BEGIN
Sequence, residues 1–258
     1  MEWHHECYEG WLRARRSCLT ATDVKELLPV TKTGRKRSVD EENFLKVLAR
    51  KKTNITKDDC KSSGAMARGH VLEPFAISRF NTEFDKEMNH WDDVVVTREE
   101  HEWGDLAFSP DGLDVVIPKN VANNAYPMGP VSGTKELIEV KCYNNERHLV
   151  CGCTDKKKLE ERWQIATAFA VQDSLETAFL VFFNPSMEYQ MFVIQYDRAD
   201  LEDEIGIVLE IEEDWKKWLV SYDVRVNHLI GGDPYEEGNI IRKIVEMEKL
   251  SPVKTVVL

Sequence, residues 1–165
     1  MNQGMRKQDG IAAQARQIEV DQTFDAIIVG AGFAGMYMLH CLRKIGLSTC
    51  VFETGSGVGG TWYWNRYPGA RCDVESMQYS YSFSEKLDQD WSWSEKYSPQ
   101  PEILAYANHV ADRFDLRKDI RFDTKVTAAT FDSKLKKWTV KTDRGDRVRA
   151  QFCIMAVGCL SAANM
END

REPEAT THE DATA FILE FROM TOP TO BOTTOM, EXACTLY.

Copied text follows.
Sequence, residues 1–258
     1  MEWHHECYEG WLRARRSCLT ATDVKELLPV TKTGRKRSVD EENFLKVLAR
    51  KKTNITKDDC KSSGAMARGH VLEPFAISRF NTEFDKEMNH WDDVVVTREE
   101  HEWGDLAFSP DGLDVVIPKN VANNAYPMGP VSGTKELIEV KCYNNERHLV
   151  CGCTDKKKLE ERWQIATAFA VQDSLETAFL VFFNPSMEYQ MFVIQYDRAD
   201  LEDEIGIVLE IEEDWKKWLV SYDVRVNHLI GGDPYEEGNI IRKIVEMEKL
   251  SPVKTVVL

Sequence, residues 1–165
     1  MNQGMRKQDG IAAQARQIEV DQTFDAIIVG AGFAGMYMLH CLRKIGLSTC
    51  VFETGSGVGG TWYWNRYPGA RCDVESMQYS YSFSEKLDQD WSWSEKYSPQ
   101  PEILAYANHV ADRFDLRKDI RFDTKVTAAT FDSKLKKWTV KTDRGDRVRA
   151  QFCIMAVGCL SAANM